Sunday, December 20, 2015

Can You Do It

Can You Do It
December 21, 2015
Philippians 4:13  "I can do all this through him who gives me strength."

I can do everything through Christ who gives me the strength.  Oh what a wonderful, magnificent part of the Bible.  It you've been a Christian for any length of time, you've probably quoted this Scripture a time or two, chanting it even as a self pep talk.  We've all leaned on this verse at some time, believing the verse to be true, that we really CAN do all things through the strength found in Christ.  It is critical, though, if you are going to use this verse as a life quote, to make sure you are using it and understanding it correctly.  Can you REALLY do EVERYTHING?  I'm mean, the Bible uses the world "ALL" as if it is excluding nothing.  So can you really do everything through Him?

First we must understand who penned the words and why he said it.  It was written by the apostle Paul, and he said it to the Christians who were living in Philippi, trying to encourage them to live the life of a Christian through any and all circumstances.  He was telling them no matter what happens, he had to, and we must also, live as a Christian in every situation we find ourselves.  Specifically, Paul was talking about his ability to be content in times of plenty and content in times of trouble.  In fact, Paul never writes that he could do "ALL THINGS."  Paul said he could do, "ALL THIS."  Paul was being specific to his ability to maintain his Christianity in opposite physical and emotional scenarios.  Paul never said he could jump off a cliff and fly, which is obviously absurd, but the point must be made.  A Christian cannot decide what they want to do, then apply the verse to mean "ALL THINGS" to suit the preference.  This is a blatant misuse of Scripture, which has led many to believe inappropriately.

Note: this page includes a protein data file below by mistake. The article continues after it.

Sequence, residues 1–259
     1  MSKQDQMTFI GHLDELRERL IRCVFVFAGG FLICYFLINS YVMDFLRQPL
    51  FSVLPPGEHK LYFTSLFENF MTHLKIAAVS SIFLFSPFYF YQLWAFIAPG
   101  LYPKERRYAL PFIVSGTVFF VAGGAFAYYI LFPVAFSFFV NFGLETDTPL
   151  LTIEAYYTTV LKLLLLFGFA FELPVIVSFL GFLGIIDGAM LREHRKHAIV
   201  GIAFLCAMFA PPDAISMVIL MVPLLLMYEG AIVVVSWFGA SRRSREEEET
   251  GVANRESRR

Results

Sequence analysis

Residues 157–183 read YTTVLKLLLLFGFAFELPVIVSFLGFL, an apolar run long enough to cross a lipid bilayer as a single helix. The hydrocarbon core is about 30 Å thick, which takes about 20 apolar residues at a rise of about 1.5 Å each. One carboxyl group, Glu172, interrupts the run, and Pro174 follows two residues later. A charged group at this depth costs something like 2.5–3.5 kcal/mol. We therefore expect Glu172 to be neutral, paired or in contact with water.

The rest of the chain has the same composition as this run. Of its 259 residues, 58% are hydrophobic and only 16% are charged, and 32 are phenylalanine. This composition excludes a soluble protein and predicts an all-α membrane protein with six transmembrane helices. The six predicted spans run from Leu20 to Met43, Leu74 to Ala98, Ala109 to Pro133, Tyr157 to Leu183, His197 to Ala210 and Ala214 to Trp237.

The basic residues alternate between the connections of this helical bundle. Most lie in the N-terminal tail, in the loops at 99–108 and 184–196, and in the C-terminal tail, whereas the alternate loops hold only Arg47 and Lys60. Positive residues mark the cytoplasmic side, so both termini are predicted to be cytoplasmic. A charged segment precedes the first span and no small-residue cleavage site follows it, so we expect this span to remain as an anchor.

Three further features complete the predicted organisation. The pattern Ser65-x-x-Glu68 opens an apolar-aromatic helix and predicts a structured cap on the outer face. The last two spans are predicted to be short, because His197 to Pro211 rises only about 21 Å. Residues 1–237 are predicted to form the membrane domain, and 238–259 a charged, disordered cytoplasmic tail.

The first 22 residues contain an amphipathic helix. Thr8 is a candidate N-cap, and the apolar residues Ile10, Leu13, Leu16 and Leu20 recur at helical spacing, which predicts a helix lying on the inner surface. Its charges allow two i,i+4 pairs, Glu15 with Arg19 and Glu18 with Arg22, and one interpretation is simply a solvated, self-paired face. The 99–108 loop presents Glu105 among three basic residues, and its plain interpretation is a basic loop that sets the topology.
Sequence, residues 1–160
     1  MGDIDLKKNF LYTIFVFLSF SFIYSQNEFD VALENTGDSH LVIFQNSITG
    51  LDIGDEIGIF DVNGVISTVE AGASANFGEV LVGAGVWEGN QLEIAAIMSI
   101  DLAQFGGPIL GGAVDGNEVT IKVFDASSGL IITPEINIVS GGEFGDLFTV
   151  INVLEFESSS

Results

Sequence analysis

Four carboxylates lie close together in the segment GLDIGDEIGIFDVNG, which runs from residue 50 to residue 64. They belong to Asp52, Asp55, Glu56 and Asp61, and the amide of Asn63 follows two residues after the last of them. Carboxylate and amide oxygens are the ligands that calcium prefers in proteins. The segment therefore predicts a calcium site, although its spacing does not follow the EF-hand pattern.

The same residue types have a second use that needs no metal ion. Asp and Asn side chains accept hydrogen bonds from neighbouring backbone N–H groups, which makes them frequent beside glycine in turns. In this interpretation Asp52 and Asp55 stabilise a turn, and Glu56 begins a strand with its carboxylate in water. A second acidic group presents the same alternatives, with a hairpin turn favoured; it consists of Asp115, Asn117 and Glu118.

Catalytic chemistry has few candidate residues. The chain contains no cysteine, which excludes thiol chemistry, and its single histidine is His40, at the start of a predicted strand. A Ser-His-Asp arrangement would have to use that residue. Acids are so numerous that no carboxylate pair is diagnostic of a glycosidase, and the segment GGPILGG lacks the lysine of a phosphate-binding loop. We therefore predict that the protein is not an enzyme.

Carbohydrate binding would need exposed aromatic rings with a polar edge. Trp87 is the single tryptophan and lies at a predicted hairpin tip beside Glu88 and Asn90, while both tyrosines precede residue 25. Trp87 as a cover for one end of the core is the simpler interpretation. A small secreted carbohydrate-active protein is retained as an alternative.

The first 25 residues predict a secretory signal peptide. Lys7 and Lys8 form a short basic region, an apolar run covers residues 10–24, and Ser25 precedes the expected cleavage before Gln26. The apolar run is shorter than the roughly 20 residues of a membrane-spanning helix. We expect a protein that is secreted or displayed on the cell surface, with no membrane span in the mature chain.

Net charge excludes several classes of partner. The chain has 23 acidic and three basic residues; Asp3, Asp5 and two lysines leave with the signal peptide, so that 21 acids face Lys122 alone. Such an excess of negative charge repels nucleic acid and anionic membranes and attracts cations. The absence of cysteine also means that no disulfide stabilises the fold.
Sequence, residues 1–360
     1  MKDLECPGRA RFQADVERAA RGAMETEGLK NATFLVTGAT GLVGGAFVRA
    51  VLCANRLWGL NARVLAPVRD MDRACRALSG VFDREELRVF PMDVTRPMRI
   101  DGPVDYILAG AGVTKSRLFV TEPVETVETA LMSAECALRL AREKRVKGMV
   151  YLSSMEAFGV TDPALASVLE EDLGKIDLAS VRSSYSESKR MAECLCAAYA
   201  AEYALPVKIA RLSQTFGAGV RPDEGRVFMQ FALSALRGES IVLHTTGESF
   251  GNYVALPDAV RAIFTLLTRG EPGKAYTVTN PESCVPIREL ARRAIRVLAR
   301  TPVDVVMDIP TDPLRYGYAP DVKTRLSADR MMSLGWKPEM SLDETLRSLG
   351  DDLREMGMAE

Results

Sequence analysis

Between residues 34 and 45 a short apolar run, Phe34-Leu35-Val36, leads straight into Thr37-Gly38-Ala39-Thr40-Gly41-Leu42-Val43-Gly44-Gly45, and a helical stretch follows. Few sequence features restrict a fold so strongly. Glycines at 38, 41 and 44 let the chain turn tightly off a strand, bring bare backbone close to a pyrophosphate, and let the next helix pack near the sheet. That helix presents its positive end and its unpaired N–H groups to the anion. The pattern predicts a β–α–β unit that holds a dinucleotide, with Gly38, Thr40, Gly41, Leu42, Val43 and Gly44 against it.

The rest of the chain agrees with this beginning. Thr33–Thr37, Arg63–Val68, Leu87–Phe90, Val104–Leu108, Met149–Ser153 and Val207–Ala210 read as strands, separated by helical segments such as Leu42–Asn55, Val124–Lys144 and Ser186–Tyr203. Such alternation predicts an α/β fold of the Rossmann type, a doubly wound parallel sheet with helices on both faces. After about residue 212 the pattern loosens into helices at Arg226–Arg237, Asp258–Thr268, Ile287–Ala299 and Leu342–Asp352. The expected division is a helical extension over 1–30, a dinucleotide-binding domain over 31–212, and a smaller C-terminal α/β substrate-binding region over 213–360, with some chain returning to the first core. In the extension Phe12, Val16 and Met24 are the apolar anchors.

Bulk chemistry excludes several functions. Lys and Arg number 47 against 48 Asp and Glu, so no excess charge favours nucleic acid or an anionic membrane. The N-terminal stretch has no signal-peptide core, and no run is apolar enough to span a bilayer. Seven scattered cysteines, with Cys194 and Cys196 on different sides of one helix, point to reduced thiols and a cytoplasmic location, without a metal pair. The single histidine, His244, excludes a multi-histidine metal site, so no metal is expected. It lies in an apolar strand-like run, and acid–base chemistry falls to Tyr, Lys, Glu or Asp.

Before you get angry, first understand that the Lord's strength is full enough to equip you to truly accomplish anything He desires for your life.  This statement is true and is supported throughout all of Scripture.  But it must be noted that the Lord will not equip you and strengthen you if He has not first ordered it to happen.  Yes you can truly do it if the Lord has ordained it, but you don't get to decide what you get to do with the Lord's strength.  Paul DOES say you can be certain to draw on the strength of the Lord to help you in every circumstance you find yourself, but He does not say you get to manipulate the circumstances with the strength of Christ to bend it to your own will.  There is a difference between leaning on the Lord to get through difficulty and determining what you'd like your future to become.  You must first check your self, your pride, your agenda, your goals, and your desires at the door before you are allowed to quote this famous verse.  At no point can you quote it to speak into existence something that might actually be contrary to the Lord's will.

Your usage of this verse must be rooted in the foundation of the Lord's will for your life and the path you've ended up on if you've actually followed Him.  Using this verse must be tempered with what is written in James 4:15.  James says that you can pray and hope for a specific future outcome, knowing the Lord's will should be the only result.  So, you can quote the verse, if you actually quote it correctly, with the right words.  You must also intend the meaning the Lord ascribed to it.

Don't take my word for it; look it up: Romans 8:28, James 4:15

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